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Diving Fakarava

Fakarava Atoll, Tuamotus, French Polynesia

Click on the map for an overall view of the Tuamotus
Click the map for an overview of the Tuamotus

In Fakarava, we were treated to an unusual situation.  After we dropped the hook and looked around, we realized we were (by far) the smallest yacht in the anchorage!  L'Ondine (Sweden), Bravo Charlie III (Hawaii), and Cowrie Dancer (OZ) were all about 60'.  However, all were very friendly, had extra dive gear (including compressors) and all were willing to loan us gear.  This let us do some drift-dives in the famous Fakarava South Pass.

Dive Shop: There is a commercial dive operator at the South Pass associated with the small resort. We didn't use their services, though, so we don't know about rental possibilities or the cost of dives.

Fresh Water: There is no fresh water in the Tuamotus except what is caught and held in cisterns, so we used water from our sailboats for rinsing gear.

The trick with drift dives of this sort is to catch the current at the right time.  Since we were starting in what is arguably the open ocean, we needed fairly settled seas.  We didn't want to be spat out into the deep blue sea, so we needed an incoming current.  This current doesn't last long in the Tuamotus, as all of the water from the waves breaking over the reef into the central lagoon has to get out through the pass(es).  This means that the out-flowing current is much stronger and lasts longer than any inflowing current (if there is one at all).  We also didn't want the current to be too strong, just a nice, gentle 1-2kts so we didn't have to work too hard and the scenery drifts serenely by.  This usually means that the optimal time is just after high tide, as the tide is turning.  Once we saw the current about to turn, we all donned our gear and headed out for the mouth of the pass.

Fakarava South Pass


Pass drift dive


Dinghy / Chase-boat


Start at 16 31.1'S, 145 27.6'W


40-90' (12-27m)


July, 2003


>100 feet (>30m)

Dive shop:

Yes, but we didn't use it.


Yes, along the edge.


LOTS of sharks, down about 90 feet.

(Jon) I actually started to dive the SE Fakarava pass 3 times, but one of those times Chris blew out a high-pressure hose on his borrowed regulator, so we had to abort after only a few minutes.  But the other 2 dives were fantastic!

Blacktipped Reef sharks abound in the passes
Black-tipped Reef sharks abound in the passes

     One of the fun parts of diving with folks from other boats is that they're usually much more experienced than us, so I feel more relaxed and enjoy myself more.  My final dive here was with Dale from Cowrie Dancer, who's been sailing and diving for more than 20 years.  The previous day we'd been a bit late so we started this dive a bit earlier.  We caught the current just right, dropped down to the sand patch at 50' (15m) and let the current push us along gently, seeing lots of big, fat grouper and related fish.  We also saw about 50 sharks milling around, mostly 4-7' (1-2m) Black-tipped Reef Sharks.  As the central channel got deeper we hugged the right bank, drifting slowly deeper.  Here we saw another group of about 10 sharks that were somewhat bigger, just hanging out waiting for dinner to come to them, as well as several large (about 6') tuna-looking fish, gently swimming against the current.  I eventually got down to 90' (27m), my deepest dive to date.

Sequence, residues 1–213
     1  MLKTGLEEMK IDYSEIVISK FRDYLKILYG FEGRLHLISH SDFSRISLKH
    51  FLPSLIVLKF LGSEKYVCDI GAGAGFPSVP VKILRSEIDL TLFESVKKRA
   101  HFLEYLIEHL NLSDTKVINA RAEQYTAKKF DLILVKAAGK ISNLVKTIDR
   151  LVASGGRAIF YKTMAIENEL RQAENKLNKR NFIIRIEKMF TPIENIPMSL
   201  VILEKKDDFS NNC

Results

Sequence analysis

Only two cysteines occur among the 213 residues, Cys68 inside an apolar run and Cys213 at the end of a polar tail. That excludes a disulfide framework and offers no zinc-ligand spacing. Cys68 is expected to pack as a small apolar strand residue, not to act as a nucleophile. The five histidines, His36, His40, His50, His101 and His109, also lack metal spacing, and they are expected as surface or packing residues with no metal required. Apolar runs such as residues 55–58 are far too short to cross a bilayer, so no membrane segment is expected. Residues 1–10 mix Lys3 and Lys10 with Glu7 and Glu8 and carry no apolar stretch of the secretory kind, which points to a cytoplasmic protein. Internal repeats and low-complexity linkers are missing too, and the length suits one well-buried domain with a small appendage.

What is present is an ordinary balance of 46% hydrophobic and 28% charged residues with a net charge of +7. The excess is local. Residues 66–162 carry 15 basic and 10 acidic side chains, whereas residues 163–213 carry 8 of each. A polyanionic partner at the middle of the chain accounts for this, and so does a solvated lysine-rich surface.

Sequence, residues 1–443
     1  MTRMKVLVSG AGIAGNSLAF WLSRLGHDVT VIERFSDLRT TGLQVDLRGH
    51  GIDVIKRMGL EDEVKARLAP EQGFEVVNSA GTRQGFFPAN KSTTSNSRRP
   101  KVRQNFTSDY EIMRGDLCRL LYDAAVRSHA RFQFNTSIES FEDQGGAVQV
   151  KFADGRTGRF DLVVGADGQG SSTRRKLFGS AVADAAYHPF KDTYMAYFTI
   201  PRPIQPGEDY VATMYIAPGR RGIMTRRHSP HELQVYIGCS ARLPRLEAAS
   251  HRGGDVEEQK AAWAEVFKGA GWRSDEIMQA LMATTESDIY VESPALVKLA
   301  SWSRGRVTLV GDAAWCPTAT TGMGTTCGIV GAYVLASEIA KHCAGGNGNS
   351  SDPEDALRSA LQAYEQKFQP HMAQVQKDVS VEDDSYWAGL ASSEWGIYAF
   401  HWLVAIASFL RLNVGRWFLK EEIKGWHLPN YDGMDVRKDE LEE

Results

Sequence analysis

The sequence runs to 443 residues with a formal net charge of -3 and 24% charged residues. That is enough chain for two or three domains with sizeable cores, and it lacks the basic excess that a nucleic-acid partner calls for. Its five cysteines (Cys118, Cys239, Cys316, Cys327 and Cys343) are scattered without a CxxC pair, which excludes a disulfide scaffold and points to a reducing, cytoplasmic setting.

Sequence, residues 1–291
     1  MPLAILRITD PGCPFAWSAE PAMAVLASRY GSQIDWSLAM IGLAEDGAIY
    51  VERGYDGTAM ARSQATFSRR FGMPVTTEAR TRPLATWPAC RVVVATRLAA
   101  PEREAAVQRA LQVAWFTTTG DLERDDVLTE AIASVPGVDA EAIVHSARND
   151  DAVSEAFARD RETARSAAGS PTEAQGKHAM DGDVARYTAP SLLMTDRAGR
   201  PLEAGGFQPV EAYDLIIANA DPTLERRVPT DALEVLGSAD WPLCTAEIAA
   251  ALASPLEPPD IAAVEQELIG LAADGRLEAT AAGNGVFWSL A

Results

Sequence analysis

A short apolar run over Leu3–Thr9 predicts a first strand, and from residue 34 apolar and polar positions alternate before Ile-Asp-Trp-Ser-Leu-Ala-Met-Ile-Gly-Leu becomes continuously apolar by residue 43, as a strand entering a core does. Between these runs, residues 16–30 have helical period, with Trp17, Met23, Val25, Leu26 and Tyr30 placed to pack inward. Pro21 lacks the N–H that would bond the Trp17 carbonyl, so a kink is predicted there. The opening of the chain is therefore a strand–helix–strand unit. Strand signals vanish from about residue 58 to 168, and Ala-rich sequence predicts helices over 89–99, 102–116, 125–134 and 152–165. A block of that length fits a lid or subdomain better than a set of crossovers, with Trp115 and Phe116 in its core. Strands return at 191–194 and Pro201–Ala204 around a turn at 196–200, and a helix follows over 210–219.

After a while we turned right towards the dive-dock and the channel to the anchored boats.  Here the water got shallower and the current much stronger.  Hanging onto the coral, I felt like a flag, flapping in the breeze.  The coral in the shallower water was more prolific.  The fish got a bit smaller, but there were a lot more of them.  This was by far my best dive to date.

South Fakarava Pass, with the resort and dive shop
South Fakarava Pass, with the resort and dive shop

(Amanda) I was rather dubious about this dive, as it was the first time that I dove since getting certified in Bonaire, six months before. I like diving once I get down there, but the trick is getting me to get to that point. Nonetheless I gritted my teeth and went for it. We were thinking of keeping in a group with the other people, but they got all their gear on and splashed way before we did - lack of practice, I guess. We also had mom in the dinghy actually tow us to the side, where it was not quite as deep. Then we went down.
     It was actually quite a nice dive, after I got over the fiddling with my gear. There's something about just being down, right there with the coral, the fish, the eels... and if I peered over the edge, I could catch a glimpse of all the reef-sharks milling around in the middle of the pass. I was quite happy to stay above them.

Demonic Giant Trevally cruise the passes in the Tuamotus
Demonic Giant Trevally cruise the Tuamotus passes

     However, the tide must have been changing, because I realized that, after a while, I was straining a bit and just not going very fast. Dad was way ahead, with the rope and ball, and I wasn't being able to catch up with him. Twenty minutes (our planned stopping-time) came eventually, and up we went. It was quite a surprise to see just how little we had actually gone. We weren't even at the dive-shop! With the increased current I was quite happy to get back in the dinghy with Mom, but Dad and Chris went back down for about ten minutes, until we saw Chris come up in a blast of bubbles.

(Sue, in chaseboat) After our misadventures in the Tahanea Pass where we had divers separated from the chase-boat for far too long, we had Jon drag a small Styrofoam ball on about 100 feet of polypropylene line so that we could keep track of the divers from the surface.  The ball was very easy to follow when the water was disturbed.  In calm water, however, bubbles were easy to follow.

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